Sharp DOM is a view engine for ASP.NET MVC platform allowing developers to design extendable and maintenable dynamic HTML layouts using C# 4.0 language. It is also possible to use Sharp DOM project to generate HTML layouts outisde of MVC framework.
Nowadays, there are a lot of Web frameworks (in PHP, Java, .NET, etc) allowing to generate HTML layout with the help of certain template engines. Indeed, sometimes, these frameworks are quite powerful and amazing. The only problem is that these template engines introduce their own external DSLs which are not native for the .NET developers. It makes the usage of such template engines a little bit difficult, not to say more.
Sharp DOM project allows you to develop HTML layout as C# code using all the power of modern object-oriented C# 4.0 language. You can use features of C# 4.0 like inheritance, polymorphism, etc. In other words, designing of HTML layout can be transformed into the development of strongly typed HTML code :-)
Usage of Sharp DOM
- Simply download DLL files from the Downloads page of CodePlex site - http://sharpdom.codeplex.com/releases
- Reference SharpDom.dll file and SharpDom.Mvc.dll file in your ASP.NET MVC project.
- Create a class inherited from SharpDomView<> class (where generic parameter is view model).
- Override CreateTagTree() method of this newly created class and write HTML layout inside this method in the form of C# code.
- In the controller, create view model and populate it with proper data.
- Write some plumbing code to embed Sharp DOM view engine into MVC platform:
public class MvcApplication : System.Web.HttpApplication
protected void Application_Start()
public static void RegisterViewEngines(ViewEngineCollection viewEngines)
viewEngines.Add(new SharpDomViewEngine()); }
Example of transformation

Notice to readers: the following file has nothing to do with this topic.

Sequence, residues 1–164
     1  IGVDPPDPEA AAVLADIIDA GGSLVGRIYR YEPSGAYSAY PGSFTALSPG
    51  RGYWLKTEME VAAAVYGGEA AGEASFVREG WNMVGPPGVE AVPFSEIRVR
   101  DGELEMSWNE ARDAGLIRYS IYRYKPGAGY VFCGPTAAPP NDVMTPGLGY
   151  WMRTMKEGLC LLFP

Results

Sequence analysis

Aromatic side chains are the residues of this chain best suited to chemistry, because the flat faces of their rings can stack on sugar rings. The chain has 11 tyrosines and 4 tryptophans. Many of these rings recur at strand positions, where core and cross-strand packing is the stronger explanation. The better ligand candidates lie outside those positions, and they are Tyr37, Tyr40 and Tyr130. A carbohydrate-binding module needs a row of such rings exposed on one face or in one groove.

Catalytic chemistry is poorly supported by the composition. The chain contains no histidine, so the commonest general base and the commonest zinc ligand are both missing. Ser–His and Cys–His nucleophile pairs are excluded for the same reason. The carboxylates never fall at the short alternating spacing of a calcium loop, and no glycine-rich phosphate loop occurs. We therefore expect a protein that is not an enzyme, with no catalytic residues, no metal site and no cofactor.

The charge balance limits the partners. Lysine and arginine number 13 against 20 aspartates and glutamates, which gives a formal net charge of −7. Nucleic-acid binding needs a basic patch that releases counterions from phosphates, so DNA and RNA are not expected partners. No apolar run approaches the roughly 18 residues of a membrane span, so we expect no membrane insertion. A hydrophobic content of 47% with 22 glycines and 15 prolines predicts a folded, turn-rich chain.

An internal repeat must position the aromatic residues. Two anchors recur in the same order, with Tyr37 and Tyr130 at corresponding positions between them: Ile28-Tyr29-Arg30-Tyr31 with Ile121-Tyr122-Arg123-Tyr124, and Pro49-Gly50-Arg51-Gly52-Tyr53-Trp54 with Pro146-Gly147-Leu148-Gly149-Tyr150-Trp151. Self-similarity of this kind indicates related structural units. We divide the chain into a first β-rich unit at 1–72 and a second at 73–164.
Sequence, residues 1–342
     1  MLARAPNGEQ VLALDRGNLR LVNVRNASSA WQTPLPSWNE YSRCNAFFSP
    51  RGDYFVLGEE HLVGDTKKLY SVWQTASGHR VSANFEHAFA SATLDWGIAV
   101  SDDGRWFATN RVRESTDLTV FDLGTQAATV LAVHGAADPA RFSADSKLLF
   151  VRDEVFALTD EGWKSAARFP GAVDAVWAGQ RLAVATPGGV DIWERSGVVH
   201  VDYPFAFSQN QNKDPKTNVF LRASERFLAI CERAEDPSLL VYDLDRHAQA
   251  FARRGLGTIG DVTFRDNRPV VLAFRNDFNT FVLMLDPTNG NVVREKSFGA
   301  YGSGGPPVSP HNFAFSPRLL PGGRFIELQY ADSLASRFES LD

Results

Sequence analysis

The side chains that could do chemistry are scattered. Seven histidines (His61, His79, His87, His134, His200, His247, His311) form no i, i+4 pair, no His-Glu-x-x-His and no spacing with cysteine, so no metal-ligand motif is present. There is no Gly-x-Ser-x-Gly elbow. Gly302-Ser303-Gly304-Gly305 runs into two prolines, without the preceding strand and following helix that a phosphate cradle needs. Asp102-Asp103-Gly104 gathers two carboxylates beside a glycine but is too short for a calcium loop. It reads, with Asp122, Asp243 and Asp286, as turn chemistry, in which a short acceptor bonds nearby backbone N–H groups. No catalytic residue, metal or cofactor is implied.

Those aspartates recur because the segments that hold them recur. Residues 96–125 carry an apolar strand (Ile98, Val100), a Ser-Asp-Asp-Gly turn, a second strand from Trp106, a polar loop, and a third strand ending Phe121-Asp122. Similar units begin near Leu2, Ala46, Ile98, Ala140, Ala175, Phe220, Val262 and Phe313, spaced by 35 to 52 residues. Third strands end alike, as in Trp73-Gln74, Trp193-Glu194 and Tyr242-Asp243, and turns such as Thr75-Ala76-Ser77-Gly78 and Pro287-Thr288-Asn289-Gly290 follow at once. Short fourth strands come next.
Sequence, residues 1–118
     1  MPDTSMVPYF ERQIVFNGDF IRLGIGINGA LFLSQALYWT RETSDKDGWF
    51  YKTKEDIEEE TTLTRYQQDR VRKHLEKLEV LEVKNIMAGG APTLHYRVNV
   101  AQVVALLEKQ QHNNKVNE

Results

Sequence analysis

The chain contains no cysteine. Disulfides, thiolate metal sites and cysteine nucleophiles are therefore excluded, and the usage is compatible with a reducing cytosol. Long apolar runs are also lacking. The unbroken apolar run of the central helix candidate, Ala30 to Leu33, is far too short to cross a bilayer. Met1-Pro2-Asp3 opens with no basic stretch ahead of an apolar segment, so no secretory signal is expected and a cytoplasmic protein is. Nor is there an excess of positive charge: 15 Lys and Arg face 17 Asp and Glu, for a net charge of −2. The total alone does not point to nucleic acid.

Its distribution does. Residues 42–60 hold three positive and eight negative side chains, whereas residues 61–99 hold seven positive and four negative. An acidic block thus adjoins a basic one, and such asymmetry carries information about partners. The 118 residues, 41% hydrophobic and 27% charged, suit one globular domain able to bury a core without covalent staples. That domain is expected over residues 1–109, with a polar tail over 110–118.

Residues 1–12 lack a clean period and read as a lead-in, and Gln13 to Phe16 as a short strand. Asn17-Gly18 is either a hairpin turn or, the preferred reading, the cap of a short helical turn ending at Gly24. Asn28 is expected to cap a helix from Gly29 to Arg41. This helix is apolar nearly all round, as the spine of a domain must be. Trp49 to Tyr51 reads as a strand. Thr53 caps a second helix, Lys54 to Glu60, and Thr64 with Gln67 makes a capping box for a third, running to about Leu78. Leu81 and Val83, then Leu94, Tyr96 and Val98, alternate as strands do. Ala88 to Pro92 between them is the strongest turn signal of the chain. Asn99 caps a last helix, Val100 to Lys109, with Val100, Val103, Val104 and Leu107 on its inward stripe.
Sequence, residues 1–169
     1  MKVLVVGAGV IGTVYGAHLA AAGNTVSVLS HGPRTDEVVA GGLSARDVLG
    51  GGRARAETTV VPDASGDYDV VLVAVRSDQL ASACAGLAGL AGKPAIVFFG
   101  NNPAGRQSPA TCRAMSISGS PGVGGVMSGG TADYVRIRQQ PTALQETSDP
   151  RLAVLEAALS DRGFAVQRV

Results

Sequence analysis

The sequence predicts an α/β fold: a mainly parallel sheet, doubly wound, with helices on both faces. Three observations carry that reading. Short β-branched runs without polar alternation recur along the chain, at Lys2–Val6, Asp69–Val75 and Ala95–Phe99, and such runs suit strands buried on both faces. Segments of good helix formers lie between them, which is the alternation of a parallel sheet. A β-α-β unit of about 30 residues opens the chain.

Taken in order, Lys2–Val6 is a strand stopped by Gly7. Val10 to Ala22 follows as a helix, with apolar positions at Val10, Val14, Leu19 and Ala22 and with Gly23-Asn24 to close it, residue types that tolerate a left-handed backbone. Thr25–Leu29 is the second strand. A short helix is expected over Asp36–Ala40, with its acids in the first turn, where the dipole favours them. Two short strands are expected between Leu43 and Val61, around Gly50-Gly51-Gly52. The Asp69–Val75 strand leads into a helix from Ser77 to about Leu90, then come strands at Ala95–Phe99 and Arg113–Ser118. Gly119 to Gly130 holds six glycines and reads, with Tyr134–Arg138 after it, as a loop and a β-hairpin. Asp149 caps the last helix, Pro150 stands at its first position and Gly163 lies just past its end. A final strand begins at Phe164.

Let's look at source HTML layout we are going to transform from old plain HTML into strongly typed HTML:
<title>Title of the page</title>
<meta http-equiv="Content-Type" content="text/html;charset=utf-8">
<link href="css/style.css" rel="stylesheet" type="text/css">
<h1>Test Form to Test</h1>
<form id="Form1" type="post">
<input type="text">Enter value</input>
<input type="submit" text="Submit !" />
<p>Textual description of the footer</p>
<span>You can find us here</span>
Another nested container
This could be rewritten using C# 4.0 language as:
title[ "Title of the page" ],
meta.attr(http-equiv: "contenttype", content: "html", charset: "utf-8"),
link.attr(href: "css/style.css", rel: "stylesheet", type: "css"),
h1[ "Test Form to Test" ],
form.attr(id: "Form1", type: "post")[
label[ "Parameter" ], "=",
input.attr(type:"text", value: "Enter value"), br,
input.attr(type: "submit", value: "Submit !")
p[ "Textual description of the footer" ],
a.attr(href: "http://google.com" )[
span[ "You can find us here"]
div[ "Another nested container" ]
As you can see, both the listings are very corelating each other - each line in HTML layout unambigiously corelates to the only line in C# code and vica verse. In other words, HTML-to-C# mismatch impedance is quite small. On the other hand, a developer having some skills in C# language could easily write strongly typed HTML code. And all the benefits of using the C# compiler are available now: compile-time checks, tight control over generated HTML by using embedded C# code, etc.
You can embed into HTML code the values coming from your view model (that you pass from the controller to the view).
Besides HTML tags expressed in the form of C#, you can embed some logic into HTML code using so-called "operators".
You can divide HTML layout into small pieces using a-la WebForms' UsersContorls.
You can use master-page approach similar to the same approach existing in WebForms. It is also possible to dynamically (at run-time) choose what master page to use with current content page.
Templated User Controls
You can use templated user controls. In WebForms, the nearest analogy is Repeater's TemplateItem tag in layout.